Cheap Eat Challenge: Watch as our family of 6 tries to eat on $6/day.
Today we're going to talk about what goes under the syrup. Why would we want to do that, right? Well, turns out that what goes under the syrup can be pretty darn tasty too.
Of course pancakes make a fun Saturday morning breakfast and even a quick throw together dinner, but since we've been doing our cheap eat challenge and eating hot breakfast more often than ever in our lives, I've also realized that it can be a perfectly good, rather fast every day breakfast as well. It's not cold cereal fast, no. But with a simple basic recipe like this one, it can be 15-minute fast. Easy peasy pumkpin easy, as we say in these parts. And bon appetit as they say in parts far far away.
P.S. To make it extra special and not much harder, top it with some homemade maple syrup.
100% Whole Wheat Pancakes
Makes about 6 three-inch pancakes
Prep time: 2 minutes
Cook time: 4 minutes per batch
(whole wheat: .18, milk: .16, other stuff: .01)
1 C whole wheat flour
1 tsp baking powder
1/2 tsp baking soda
1/2 tsp salt
1 1/4 C milk (or buttermilk if you've got it around)
Note: This recipe originally came with an egg. One morning I didn't have an egg and it came out just fine. In fact I didn't even notice a difference. An egg would add a bit of richness and perhaps a bit of lift (though these get plenty of lift even without), so feel free to include one, but I usually don't.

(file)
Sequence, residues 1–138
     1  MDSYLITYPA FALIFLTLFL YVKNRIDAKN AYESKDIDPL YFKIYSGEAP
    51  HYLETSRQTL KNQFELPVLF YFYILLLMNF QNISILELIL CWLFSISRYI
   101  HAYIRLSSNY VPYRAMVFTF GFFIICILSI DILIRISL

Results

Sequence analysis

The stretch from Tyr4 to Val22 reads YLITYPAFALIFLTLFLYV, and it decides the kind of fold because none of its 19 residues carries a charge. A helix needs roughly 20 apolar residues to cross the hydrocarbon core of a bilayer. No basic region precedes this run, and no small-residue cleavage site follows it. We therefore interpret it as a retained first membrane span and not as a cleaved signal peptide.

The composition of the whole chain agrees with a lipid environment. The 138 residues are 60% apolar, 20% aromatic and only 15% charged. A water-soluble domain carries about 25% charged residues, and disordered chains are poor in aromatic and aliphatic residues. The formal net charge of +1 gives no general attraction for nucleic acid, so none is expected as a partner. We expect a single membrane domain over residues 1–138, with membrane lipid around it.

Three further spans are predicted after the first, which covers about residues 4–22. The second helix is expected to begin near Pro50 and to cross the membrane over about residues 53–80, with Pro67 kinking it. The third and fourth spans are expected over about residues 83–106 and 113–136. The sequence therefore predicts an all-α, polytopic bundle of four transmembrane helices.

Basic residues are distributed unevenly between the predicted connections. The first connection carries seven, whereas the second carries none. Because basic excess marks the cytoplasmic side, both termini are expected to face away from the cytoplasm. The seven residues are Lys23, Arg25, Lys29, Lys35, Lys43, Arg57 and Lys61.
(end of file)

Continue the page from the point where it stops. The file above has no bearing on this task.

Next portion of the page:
Combine dry ingredients. Add milk and whisk together. Do not get the batter completely smooth. There should be a few lumps. Why? The more you mix wheat, the more the gluten organizes itself and sort of lines up (how's that for a scientific expanation), thus becoming stretchy and chewy. That's great for yeasty breads, but it will make your pancakes and quick breads tough and elastic-y. Overstirring will also release the bubbles from the baking soda too quickly, meaning you will have less to make your pancakes nice and fluffy. If you want a light fluffy pancake, do not over mix.
Put butter or oil in a pan and cook on medium or medium low. (Your pancakes should not cook so fast that they're burning before the middles are done and they should not take forever to get golden on one side.) I hate to say this, but you'll probably have to experiment with your stove in order to figure out your right temperature. I have not found any hard and fast rule that always works (such as 'when the bubbles are popping, it's time'. It might be time, but then, if you're stove is too hot, you might have burned the pancakes by the time the bubbles get to doing their thing.) The good news is that it should only take a pancake or three before you're getting the swing of things.
Tip: Pancakes can be kept warm on a cookie sheet in an oven set at 200 degrees for up to an hour.
Another tip: The dry ingredients can be prepared in bulk ahead of time and you can then use 1 C of dry ingredient to 1 C of milk to make the mix.